'@

Next up, you have to delete the following string from the code:

x:Class="MainWindow"

I typically also do a find and replace to find all instances of "x:" and replace them with nothing. When naming form elements, Visual Studio Express will create the name such as x:Name="txtsomething". PowerShell will not properly interpret the x: in front of the name and will not properly interact with the form element.

The following code then reads all of the XAML form elements stored in the $XAML variable and stores the names for the named elements in PowerShell. It does some error checking to ensure the .NET Framework XamlReader is available then shows the form.

#Read XAML
$reader=(New-Object System.Xml.XmlNodeReader $xaml)
try{$Form=[Windows.Markup.XamlReader]::Load( $reader )}
catch{Write-Host "Unable to load Windows.Markup.XamlReader. Some possible causes for this problem include: .NET Framework is missing PowerShell must be launched with PowerShell -sta, invalid XAML code was encountered."; exit}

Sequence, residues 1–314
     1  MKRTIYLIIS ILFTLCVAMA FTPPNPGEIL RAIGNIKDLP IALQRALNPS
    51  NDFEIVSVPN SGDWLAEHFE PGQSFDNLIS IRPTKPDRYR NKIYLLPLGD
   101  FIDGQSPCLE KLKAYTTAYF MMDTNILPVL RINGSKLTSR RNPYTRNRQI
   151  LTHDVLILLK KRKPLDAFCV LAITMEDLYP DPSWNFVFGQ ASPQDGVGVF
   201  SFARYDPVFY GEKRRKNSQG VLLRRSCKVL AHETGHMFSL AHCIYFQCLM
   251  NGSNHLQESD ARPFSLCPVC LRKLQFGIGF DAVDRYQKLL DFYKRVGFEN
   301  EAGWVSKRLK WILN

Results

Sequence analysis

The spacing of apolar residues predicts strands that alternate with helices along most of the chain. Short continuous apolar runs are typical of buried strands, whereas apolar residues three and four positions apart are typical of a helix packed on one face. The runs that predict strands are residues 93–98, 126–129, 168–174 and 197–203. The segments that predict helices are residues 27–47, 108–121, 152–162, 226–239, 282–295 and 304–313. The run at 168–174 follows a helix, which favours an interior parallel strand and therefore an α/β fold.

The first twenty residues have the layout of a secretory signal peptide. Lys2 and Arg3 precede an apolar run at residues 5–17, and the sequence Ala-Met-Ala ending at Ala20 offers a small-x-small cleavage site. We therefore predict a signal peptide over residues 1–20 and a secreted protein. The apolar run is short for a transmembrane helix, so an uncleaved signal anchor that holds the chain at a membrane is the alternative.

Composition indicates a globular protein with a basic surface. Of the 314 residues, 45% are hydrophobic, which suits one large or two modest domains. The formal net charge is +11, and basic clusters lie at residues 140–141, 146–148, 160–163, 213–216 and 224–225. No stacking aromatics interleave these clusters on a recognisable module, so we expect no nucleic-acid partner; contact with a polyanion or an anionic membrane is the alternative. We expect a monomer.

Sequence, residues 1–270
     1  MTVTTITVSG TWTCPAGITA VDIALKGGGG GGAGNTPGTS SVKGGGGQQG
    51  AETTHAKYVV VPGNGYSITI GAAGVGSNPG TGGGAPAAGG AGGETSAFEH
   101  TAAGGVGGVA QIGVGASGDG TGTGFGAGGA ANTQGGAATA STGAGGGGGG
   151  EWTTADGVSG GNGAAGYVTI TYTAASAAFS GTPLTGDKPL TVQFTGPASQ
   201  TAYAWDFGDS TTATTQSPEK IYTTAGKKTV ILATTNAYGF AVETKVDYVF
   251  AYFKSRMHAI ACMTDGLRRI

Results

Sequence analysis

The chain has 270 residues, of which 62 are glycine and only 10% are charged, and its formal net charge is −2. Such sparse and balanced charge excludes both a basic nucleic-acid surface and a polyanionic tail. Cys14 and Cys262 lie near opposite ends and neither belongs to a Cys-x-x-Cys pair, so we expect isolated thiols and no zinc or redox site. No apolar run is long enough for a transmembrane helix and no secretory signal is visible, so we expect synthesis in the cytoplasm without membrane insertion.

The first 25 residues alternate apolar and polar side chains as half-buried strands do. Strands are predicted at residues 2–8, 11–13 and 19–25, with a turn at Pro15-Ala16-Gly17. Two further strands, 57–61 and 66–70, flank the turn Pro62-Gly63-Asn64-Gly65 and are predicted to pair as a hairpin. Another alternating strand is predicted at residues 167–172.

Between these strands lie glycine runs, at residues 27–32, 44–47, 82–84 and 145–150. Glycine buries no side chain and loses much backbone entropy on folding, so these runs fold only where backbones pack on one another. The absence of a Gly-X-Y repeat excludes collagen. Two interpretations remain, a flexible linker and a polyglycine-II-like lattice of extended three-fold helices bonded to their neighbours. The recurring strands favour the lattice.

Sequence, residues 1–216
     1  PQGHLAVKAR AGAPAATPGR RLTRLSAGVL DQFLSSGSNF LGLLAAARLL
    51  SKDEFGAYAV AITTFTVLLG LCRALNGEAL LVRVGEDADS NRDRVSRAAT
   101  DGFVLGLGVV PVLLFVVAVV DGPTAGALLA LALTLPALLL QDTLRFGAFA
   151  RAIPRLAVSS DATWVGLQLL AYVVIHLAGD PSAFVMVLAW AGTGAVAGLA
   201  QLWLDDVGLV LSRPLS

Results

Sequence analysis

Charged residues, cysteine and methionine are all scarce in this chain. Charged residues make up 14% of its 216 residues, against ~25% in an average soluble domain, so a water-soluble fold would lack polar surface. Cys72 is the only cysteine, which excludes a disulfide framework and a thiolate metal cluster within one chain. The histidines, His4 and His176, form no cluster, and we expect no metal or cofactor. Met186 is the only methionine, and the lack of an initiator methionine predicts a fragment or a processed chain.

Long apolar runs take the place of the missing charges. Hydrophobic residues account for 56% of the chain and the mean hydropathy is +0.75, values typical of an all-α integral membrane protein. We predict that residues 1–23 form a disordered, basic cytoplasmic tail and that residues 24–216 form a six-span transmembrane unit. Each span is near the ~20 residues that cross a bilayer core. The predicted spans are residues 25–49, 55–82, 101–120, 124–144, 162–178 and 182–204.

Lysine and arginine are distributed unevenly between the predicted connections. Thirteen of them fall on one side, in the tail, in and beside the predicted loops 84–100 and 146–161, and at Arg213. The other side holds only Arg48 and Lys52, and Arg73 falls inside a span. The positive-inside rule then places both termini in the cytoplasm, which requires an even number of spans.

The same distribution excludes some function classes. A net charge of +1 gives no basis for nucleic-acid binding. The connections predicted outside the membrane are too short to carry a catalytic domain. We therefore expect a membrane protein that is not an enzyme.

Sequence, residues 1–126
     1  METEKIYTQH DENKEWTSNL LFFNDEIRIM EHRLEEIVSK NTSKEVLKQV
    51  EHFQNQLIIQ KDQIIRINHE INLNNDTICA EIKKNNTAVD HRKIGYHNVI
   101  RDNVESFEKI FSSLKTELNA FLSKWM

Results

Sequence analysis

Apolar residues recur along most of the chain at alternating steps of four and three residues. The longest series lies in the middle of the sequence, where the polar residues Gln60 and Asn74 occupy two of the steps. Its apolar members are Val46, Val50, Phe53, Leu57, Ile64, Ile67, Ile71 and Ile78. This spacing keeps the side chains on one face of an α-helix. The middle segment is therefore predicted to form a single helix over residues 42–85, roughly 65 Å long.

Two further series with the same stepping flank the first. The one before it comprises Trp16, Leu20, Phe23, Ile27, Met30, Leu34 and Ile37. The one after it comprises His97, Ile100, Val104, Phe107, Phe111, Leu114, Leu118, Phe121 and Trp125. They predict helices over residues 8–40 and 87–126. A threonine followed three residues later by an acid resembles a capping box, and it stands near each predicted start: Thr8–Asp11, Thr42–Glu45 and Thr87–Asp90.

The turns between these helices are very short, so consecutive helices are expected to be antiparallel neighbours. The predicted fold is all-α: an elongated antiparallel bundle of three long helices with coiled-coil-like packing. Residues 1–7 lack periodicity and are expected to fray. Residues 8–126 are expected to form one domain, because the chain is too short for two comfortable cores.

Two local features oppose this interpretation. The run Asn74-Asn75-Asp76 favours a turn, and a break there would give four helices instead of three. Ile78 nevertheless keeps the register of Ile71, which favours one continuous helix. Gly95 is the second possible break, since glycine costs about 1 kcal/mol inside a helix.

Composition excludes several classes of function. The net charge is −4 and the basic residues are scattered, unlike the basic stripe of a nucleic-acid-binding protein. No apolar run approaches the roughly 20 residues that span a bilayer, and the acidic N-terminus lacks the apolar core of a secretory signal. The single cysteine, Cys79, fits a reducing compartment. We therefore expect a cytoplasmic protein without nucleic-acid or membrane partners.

#===========================================================================
# Store Form Objects In PowerShell
#===========================================================================

$xaml.SelectNodes("//*[@Name]") | %{Set-Variable -Name ($_.Name) -Value $Form.FindName($_.Name)}


#===========================================================================
# Shows the form
#===========================================================================
$Form.ShowDialog() | out-null

Now with all of that out of the way, its time to tie the XAML elements to the back end PowerShell WMI object. I won't go into detail on what every line does, but below is the completed application. With the comments, how it all works is pretty self explanatory. You have the actual XAML code with named elements, which are then stored in a PowerShell XML variable object. From there the back end PowerShell queries the Win32_OperatingSystem class of the WMI object to get some information about the operating system which is then displayed in the XAML GUI by calling the text attribute of the text fields.

The code below may be a bit difficult to read due to the way web browsers wrap web pages. See the attached text file for the complete script.

#==============================================================================================